Origin and History
The regiment was raised on August 29 1702 as the "Richard Coote's Regiment of Foot". Until 1751, it was also known by the names of ten other colonels.
On July 1 1751, the regiment officially became the "39th Regiment of Foot".
In 1754, the regiment and a detachment of Royal Artillery were sent to India to protect the settlements of the East India Company. Before leaving Great Britain, the regiment was brought to full strength with drafts from other regiments.
During the Seven Years's War, the regiment was commanded by:
- from at least 1754 to at least 1759: colonel John Aldercron
Service during the War
In 1756, two companies of the regiment, recently raised in the Midlands, sailed from England to India. One of these companies was under the command of sir Eyre Coote. In August, 250 soldiers of the regiment, already stationed in India, were assigned to Robert Clive, along with 1,500 Sepoys, for his expedition against Calcutta which had been taken in June by the nawab Siraj Ud Daulah. On October 15, the expedition sailed from Madras. Upon arrival, in November, the 2 newly raised companies were also assigned to Clive's force. On December 30, these two companies occupied Fort William near Calcutta.
On January 12 1757, 350 men of the regiment along with Sepoys stormed Hooghly. They returned to Calcutta a week later. On February 4, companies of the regiment also took part in the combat of Calcutta against the army of the nawab Siraj Ud Daulah. By April, the part of the regiment encamped at Chinsurah counted 3 captains, 4 lieutenants, 5 ensigns, 8 sergeants, 10 corporals, 7 drummers and 213 privates for a total of 250 men. The same month, part of the regiment under lieutenant-colonel Forde was sent against Nellore on the river Pennar to collect revenues from the nawab Mohammed Ali. The enterprise was unsuccessful. In June, about 250 men of the regiment took part in Clive's campaign in Bengal. On June 23, they were at the battle of Plassey which subjected Bengal to the British crown.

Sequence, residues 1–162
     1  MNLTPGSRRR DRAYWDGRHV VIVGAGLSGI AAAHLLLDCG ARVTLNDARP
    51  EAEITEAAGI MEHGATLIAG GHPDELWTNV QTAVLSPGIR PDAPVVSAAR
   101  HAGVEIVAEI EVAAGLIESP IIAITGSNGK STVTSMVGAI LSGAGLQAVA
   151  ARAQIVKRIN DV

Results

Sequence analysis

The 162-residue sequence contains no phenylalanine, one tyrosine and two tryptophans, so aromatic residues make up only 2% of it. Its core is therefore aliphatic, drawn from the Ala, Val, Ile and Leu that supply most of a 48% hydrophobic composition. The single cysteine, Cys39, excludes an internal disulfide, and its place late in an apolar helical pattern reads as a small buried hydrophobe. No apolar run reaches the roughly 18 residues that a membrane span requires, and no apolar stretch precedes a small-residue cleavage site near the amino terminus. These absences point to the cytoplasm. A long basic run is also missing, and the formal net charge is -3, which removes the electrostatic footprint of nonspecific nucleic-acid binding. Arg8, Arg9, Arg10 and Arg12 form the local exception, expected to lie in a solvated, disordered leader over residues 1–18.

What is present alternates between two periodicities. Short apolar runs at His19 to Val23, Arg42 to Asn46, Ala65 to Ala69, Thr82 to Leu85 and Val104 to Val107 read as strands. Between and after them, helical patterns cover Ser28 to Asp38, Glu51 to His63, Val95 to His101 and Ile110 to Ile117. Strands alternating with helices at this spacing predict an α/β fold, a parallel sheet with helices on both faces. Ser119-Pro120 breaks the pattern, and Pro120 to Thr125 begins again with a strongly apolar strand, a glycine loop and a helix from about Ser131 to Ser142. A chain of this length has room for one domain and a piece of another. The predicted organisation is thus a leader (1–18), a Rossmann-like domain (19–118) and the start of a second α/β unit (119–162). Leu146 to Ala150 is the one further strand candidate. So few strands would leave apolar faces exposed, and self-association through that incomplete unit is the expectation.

In 1758, the detachment of the regiment operating in India was ordered to return to Great Britain. However, nearly all the detachment volunteered for the Bengal European Regiment.
As of May 30 1759, the regiment was stationed in England and counted 1 battalion for a total of 900 men.
To do: other campaigns from 1760 to 1763
|Coat||brick red lined grass green and laced white (white braid with a thick green grass waved line) with 3 pewter buttons and 3 white buttonholes (same lace as above) under the lapel
|Waistcoat||brick red laced white (same lace as above)|
|Gaiters||white with black buttons|
brown, grey or black during campaigns (black after 1759)
Troopers were armed with a "Brown Bess" muskets, a bayonet and a sword.
N.B.: It is very likely that the companies who served in India adopted lighter clothing when their regulation uniforms had worn out.
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For all colours, cords and tassels were crimson and gold.
King's Colour: Union with its centre decorated with a rose wreath around the regiment number "XXXIX" in gold Roman numerals.
Regimental Colour: grass green field, Union in the upper left canton, centre decorated with a rose wreath around the regiment number "XXXIX" in gold Roman numerals.
Fortescue, J. W., A History of the British Army Vol. II, MacMillan, London, 1899
Funcken, Liliane and Fred, Les uniformes de la guerre en dentelle
George II, The Royal Clothing Warrant, 1751
Harrington, P.; Plassey 1757 - Clive of India's Finest Hour, Osprey, 1994
Mills, T. F., Land Forces of Britain the Empire and Commonwealth
N.B.: the section Service during the War is mostly derived from our articles depicting the various campaigns, battles and sieges.